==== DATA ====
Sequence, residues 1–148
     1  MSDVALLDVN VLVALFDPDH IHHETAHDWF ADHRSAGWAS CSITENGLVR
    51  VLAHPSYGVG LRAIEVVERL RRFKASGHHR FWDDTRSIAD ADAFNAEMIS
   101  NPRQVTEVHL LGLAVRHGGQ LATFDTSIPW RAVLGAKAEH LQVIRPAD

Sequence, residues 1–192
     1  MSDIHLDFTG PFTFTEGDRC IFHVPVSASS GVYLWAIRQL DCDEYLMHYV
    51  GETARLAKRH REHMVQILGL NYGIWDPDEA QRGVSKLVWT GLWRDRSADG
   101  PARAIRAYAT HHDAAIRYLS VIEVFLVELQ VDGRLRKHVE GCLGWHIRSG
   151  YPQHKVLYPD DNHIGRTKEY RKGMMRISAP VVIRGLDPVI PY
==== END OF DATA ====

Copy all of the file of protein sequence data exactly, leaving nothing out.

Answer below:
Sequence, residues 1–148
     1  MSDVALLDVN VLVALFDPDH IHHETAHDWF ADHRSAGWAS CSITENGLVR
    51  VLAHPSYGVG LRAIEVVERL RRFKASGHHR FWDDTRSIAD ADAFNAEMIS
   101  NPRQVTEVHL LGLAVRHGGQ LATFDTSIPW RAVLGAKAEH LQVIRPAD

Sequence, residues 1–192
     1  MSDIHLDFTG PFTFTEGDRC IFHVPVSASS GVYLWAIRQL DCDEYLMHYV
    51  GETARLAKRH REHMVQILGL NYGIWDPDEA QRGVSKLVWT GLWRDRSADG
   101  PARAIRAYAT HHDAAIRYLS VIEVFLVELQ VDGRLRKHVE GCLGWHIRSG
   151  YPQHKVLYPD DNHIGRTKEY RKGMMRISAP VVIRGLDPVI PY